In an act that sounds like the twist in an episode of Black Mirror, a police officer in California tried playing the song Blank Space by Taylor Swift as a protester recorded a video of him. However, the tactic—which would have likely triggered a copyright-takedown measure on video sharing platforms like YouTube—failed to work spectacularly.
The method is something that U.S. officers have tried before to prevent videos that show them in a bad light from being shared online. They’ve previously used songs like Sublime’s Santeria and The Beatles’ Yesterday—and it seemed to have worked.
“It seems they think playing copyrighted and licensed music will keep the word from getting out. And turns out… they are right! I sent this video to multiple news agencies who covered the story. Most said they can’t share it… why??? Because it’s playing Beatles music,” wrote Instagram user @mrcheckpoint_.
In the video, which was posted by the Anti Police-Terror Project, you’ll hear the officer admit that he played the Taylor Swift song because he “just knows” that the video “can’t be posted on YouTube”. And according to an Alameda County sheriff’s office spokesperson, although the office does not “condone” his behaviour, there’s no policy barring what the officer did in the video.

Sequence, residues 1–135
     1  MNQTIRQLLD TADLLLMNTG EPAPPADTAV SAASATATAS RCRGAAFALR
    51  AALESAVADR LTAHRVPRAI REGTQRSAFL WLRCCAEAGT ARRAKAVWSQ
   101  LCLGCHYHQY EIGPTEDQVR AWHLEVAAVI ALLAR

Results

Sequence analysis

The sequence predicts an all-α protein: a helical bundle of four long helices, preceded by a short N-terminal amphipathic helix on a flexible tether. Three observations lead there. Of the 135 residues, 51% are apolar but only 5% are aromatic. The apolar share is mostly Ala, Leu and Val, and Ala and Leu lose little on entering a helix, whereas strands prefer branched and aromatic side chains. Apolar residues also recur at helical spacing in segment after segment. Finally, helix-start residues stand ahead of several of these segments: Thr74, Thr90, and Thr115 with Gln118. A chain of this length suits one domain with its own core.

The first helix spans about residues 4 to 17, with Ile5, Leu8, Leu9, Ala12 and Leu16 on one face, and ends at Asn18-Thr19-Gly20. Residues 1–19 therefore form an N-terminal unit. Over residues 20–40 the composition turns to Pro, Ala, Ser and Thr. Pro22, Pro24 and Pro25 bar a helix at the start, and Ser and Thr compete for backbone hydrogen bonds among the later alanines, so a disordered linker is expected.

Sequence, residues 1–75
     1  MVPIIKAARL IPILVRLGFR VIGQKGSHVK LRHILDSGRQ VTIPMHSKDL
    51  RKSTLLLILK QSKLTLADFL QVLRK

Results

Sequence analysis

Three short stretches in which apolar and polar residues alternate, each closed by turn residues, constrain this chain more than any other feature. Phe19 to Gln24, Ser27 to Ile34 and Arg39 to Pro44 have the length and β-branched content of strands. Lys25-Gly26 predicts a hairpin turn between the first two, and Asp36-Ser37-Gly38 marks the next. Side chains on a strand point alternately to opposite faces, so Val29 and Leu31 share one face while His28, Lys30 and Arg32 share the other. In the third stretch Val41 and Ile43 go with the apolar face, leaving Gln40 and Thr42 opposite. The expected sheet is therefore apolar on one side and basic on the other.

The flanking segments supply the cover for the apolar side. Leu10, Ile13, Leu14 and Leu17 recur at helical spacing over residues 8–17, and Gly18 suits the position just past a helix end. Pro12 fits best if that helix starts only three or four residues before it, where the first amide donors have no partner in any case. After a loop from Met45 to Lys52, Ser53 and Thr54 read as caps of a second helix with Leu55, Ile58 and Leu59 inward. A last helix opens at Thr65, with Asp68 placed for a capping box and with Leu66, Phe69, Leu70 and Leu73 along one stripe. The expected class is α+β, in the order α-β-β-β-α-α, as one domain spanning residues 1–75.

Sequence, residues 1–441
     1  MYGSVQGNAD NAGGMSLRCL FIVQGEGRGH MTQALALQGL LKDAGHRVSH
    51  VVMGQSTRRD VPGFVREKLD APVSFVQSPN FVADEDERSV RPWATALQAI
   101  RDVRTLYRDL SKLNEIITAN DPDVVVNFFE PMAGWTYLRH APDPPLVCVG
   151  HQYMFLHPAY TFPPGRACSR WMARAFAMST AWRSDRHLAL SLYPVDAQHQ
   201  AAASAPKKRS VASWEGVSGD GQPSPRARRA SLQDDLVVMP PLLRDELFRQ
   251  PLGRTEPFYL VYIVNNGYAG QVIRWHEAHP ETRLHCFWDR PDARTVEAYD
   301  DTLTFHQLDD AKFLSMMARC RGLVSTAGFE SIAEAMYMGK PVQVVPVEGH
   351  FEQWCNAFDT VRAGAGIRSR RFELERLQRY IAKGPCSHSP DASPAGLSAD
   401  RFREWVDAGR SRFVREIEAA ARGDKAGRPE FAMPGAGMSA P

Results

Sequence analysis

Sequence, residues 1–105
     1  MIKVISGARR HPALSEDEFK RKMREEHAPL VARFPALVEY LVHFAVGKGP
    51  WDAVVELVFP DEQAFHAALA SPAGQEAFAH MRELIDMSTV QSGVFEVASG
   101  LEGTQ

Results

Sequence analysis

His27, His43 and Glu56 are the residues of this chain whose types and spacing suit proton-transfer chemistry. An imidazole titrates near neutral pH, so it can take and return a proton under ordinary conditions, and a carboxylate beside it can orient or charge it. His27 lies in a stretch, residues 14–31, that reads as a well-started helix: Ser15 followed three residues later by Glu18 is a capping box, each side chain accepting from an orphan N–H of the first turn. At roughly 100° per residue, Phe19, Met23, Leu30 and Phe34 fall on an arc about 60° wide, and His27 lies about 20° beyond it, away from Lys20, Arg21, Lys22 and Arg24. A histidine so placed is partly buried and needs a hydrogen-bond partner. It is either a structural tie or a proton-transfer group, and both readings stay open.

Even though the method seemed to have worked to keep previous recorded videos away from media, this particular recording managed to stay on social media. The video currently has more than 850,000 views on Twitter, as well as more than 600,000 views on YouTube.
The video was taken at the courthouse for the pretrial hearing of Jason Fletcher. Fletcher, a police officer, was charged with voluntary manslaughter for killing Steven Taylor inside a Walmart.
Usually, YouTube reserves the right to restrict videos posted on their platform if a video has a copyright claim. Twitter is less strict on the type of videos seen on its platform in my experience, but it will still act upon a copyright claim. But good on them to be cool about it this time around.